Almost unnoticed on Attleboro’s main streets, in the neighborhoods of Dean, Peck, and Bank streets, there are more than 70 homes of historic and structural significance, as nearly two dozen guests discovered during the Attleboro Historic Preservation Society’s Saturday morning walking tour.
Even before the tour began, guests were perusing the association’s brochures detailing the addresses of 75 homes and their respective architectural styles, while many were surprised by the listing of the number of homes that drivers traveling on the main street could not see at a glance. roads.
A simple statement from a guest named Diane Garvey of Attleboro seemed to sum up the consensus of the rest of the attendees: “I never knew these places existed.”
They were described as “non-walking neighborhoods” by volunteer Rachel Killion, who led one tour group, while fellow volunteer Jerry Turcotte served as tour guide with another group.
In the 1870s and early 20th century, when the city’s industrial power was in high gear, the means of commuting or getting around the city consisted of horse-drawn carriages and one’s own feet.
The “walkability” of downtown Attleboro still exists today, Killion told the tour group.
Carrying a large folder with detailed descriptions of each house, including several old paintings showing the original structures from when Attleboro still had dirt roads, Killion drew attention to the architectural style of each house and the intricate features therein.
The Greek Revival period from 1825 to 1860 featured front Greek columns, as can be seen in the East Attleborough Academy building. The Italian period from 1840 to 1885 can be described by longer eaves turns – these are distinctively symmetrical roofline brackets.
Additionally, the Victorian era from 1860 to 1910 has three distinct divisions: Second Empire, Queen Anne, and People’s Victorian.
An example of Queen Anne style is 54 Bank St. Built in 1905, it is also known as the Edward L. Gowen House.
The number of historically and architecturally significant houses on Dean Street alone stunned the tour group.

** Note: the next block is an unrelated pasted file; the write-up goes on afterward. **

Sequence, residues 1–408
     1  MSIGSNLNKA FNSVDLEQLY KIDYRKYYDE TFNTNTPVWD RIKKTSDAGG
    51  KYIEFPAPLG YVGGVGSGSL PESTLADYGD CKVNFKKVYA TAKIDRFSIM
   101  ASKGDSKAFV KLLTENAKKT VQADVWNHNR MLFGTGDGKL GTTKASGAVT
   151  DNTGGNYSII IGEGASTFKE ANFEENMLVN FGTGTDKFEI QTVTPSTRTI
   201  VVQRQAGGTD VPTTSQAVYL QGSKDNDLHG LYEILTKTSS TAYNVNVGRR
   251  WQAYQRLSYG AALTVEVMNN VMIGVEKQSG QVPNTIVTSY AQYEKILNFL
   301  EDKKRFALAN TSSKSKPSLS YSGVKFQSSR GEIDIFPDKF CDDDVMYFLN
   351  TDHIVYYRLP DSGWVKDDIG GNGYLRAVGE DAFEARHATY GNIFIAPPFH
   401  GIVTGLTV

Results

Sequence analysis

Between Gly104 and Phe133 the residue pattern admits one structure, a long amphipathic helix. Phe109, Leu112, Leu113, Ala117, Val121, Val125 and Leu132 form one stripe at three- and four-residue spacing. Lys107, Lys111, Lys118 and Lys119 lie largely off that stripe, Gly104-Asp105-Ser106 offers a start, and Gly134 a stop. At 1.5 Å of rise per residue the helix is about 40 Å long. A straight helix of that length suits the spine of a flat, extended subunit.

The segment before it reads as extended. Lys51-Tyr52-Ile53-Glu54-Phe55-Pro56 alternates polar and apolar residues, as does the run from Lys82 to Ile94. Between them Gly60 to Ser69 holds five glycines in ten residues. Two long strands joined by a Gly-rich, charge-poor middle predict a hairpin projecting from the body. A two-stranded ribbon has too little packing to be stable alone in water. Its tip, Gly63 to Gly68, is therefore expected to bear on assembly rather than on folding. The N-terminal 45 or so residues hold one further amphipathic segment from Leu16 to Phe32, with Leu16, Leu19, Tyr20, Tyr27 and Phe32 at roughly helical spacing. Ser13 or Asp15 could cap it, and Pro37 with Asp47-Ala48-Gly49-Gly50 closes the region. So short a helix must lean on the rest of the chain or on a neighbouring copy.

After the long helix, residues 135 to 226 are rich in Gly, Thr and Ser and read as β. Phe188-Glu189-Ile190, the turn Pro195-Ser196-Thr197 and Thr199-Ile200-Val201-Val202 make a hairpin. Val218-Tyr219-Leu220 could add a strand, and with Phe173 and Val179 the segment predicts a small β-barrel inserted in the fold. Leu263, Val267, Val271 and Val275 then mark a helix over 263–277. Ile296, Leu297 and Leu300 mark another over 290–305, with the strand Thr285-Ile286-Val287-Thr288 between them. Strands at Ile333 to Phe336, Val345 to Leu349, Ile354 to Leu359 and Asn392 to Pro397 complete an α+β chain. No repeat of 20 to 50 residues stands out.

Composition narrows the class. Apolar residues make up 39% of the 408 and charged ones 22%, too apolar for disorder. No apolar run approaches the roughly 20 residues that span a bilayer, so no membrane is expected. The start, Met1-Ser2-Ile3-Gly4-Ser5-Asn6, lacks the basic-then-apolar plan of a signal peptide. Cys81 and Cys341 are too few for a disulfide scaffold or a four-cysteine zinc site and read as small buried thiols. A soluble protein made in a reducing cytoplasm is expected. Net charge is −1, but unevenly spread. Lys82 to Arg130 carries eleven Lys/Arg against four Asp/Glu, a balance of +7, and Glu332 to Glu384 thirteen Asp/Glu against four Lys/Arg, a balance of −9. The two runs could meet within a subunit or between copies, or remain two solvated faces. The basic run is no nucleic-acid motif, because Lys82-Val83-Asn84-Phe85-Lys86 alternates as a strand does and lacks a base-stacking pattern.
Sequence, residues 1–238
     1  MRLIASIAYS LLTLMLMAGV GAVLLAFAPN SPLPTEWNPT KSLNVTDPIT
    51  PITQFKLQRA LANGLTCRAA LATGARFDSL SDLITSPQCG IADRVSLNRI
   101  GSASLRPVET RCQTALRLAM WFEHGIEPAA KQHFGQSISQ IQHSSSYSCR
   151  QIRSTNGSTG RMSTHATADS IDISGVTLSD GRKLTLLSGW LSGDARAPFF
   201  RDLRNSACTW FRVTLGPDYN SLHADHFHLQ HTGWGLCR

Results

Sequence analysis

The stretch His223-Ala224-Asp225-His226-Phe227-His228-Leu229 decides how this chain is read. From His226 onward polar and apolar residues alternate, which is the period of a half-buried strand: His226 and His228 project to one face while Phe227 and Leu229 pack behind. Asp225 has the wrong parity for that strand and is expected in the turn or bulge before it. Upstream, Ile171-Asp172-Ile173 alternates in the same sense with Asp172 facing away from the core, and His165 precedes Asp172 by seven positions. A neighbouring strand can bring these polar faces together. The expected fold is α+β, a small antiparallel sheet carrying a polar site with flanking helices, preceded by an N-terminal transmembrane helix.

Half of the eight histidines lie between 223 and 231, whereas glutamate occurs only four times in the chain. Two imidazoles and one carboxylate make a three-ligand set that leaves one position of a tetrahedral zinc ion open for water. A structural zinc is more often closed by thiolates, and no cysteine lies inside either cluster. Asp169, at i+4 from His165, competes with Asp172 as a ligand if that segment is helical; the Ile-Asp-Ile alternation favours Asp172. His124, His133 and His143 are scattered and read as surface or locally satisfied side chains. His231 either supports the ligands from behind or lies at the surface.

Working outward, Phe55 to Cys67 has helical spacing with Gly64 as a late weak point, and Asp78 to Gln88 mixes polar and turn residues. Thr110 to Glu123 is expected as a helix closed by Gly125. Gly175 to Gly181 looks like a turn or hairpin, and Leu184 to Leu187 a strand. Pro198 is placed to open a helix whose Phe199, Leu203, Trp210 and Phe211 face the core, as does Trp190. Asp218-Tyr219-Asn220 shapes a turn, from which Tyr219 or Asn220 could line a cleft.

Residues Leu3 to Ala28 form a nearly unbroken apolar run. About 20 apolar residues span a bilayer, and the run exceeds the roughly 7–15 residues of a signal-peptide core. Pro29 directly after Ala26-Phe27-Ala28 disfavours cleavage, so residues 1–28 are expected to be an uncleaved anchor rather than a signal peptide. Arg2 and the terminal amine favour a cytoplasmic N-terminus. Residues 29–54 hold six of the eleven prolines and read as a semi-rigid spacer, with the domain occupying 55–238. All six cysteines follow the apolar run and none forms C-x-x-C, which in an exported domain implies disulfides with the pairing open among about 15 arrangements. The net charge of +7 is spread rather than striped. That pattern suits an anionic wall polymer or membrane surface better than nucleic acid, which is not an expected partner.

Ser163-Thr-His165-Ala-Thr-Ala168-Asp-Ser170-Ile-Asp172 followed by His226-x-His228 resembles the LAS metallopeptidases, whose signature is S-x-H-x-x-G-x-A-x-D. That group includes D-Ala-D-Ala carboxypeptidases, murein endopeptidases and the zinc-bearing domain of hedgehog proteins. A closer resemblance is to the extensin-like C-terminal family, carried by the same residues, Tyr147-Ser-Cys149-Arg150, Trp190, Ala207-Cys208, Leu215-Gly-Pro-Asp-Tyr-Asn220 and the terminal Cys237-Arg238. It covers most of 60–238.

“I never realized that this street has so much history!” cried Diane Garvey.
What could really be seen from the sidewalk, or slowed down while driving, were smaller structures like 57A and B Dean Street that were converted into apartments.
Originally these were carriage houses for wealthy residents with their own horses – “Basically a city barn,” Killion told the group.
Another example of this was the “Hobby Cabin” on Bank Street and the adjoining house partially obscured by a large tree.
Many of the stately homes belonged to prominent Attleboro families of the era, such as Bliss, Hayward, and Sweet.
While many of the houses on the tour were renovated, some still retained their original features, such as the sills on the skylights and the pillars over the front door.
Killion cited a house on Peck Street as an example.
“One of the great things is that the homeowners[during the renovation]found and restored the original detail of the bay window,” Killion said.
As the group made their way back to East Attleborough Academy, the oldest building on the walking tour, built in 1842, many of the attendees were surprised to find themselves on Foster Street, looking directly into Kirk Yard. Behind the Second Congregational Church.
Here, Killion pointed out a dilapidated switch tower that was clearly visible inside the cemetery, telling the tour group that the community was “desperately” trying to save the tower, even though it wasn’t in a location conducive to visits. from the train tracks.
At the moment, the future of the keytower is uncertain because, as Killion explained to the tour group, the city, Amtrack, and MBTA “couldn’t get on the same page.”
“It’s one of the last of its kind, but in a dangerous place,” Killion said.
When the tour ended at the Academy, the band members praised the historic presentation.
The “sleeping porches” of some homes were ideal in the summer before air conditioners came into existence.
Diane Garvey described the tour as “a complete revelation” of beauty and knowledge.
“(My husband and I) have been living here…how many years? And we were not aware of the beauty and the architecture,” he said.
Proceeds from tour tickets benefit the ongoing restoration of East Attleborough Academy.